In Cassette Culture, Peter Manuel tells how a new mass medium--the portable cassette player--caused a major upheaval in popular culture in the world's second-largest country. The advent of cassette technology in the 1980s transformed India's popular music industry from the virtual monopoly of a single multinational LP manufacturer to a free-for-all among hundreds of local cassette producers. The result was a revolution in the quantity, quality, and variety of Indian popular music and its patterns of dissemination and consumption. Manuel shows that the cassette revolution, however, has brought new contradictions and problems to Indian culture. While inexpensive cassettes revitalized local subcultures and community values throughout the subcontinent, they were also a vehicle for regional and political factionalism, new forms of commercial vulgarity, and, disturbingly, the most provocative sorts of hate-mongering and religious chauvinism. Cassette Culture is the first scholarly account of Indian popular music and the first case study of a technological revolution now occurring throughout the world.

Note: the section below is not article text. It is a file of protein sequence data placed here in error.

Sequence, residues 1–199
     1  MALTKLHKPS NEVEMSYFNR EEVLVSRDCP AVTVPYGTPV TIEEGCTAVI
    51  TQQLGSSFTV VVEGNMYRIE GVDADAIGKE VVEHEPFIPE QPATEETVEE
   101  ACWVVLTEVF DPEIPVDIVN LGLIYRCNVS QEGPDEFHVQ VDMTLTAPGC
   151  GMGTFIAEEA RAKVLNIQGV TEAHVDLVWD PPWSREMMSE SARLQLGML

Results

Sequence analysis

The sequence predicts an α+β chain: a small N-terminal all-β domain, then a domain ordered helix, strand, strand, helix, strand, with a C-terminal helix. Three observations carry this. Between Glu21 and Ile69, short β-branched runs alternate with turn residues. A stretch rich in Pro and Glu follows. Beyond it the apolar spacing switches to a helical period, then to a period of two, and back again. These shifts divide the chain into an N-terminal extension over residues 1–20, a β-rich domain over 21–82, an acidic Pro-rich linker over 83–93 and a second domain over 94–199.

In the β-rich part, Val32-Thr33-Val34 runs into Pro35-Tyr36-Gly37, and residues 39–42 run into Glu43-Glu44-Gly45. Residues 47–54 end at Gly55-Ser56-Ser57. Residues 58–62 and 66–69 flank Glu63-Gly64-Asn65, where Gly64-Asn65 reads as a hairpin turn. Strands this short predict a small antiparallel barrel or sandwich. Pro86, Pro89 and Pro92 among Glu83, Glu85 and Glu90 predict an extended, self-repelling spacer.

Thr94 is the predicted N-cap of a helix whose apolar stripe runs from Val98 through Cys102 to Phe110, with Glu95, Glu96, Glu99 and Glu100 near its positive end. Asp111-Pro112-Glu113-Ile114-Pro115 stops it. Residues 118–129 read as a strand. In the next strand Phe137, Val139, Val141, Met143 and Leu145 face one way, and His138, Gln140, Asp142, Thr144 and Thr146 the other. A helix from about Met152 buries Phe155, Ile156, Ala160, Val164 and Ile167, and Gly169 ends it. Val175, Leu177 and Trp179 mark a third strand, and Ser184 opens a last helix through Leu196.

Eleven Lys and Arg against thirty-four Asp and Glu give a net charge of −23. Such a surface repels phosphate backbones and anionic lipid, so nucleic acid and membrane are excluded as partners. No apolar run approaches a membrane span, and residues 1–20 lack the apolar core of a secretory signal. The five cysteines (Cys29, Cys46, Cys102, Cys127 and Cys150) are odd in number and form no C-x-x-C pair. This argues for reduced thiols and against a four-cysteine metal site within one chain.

It will be an essential resource for anyone interested in modern India, communications theory, world popular music, or contemporary global culture. 24 halftones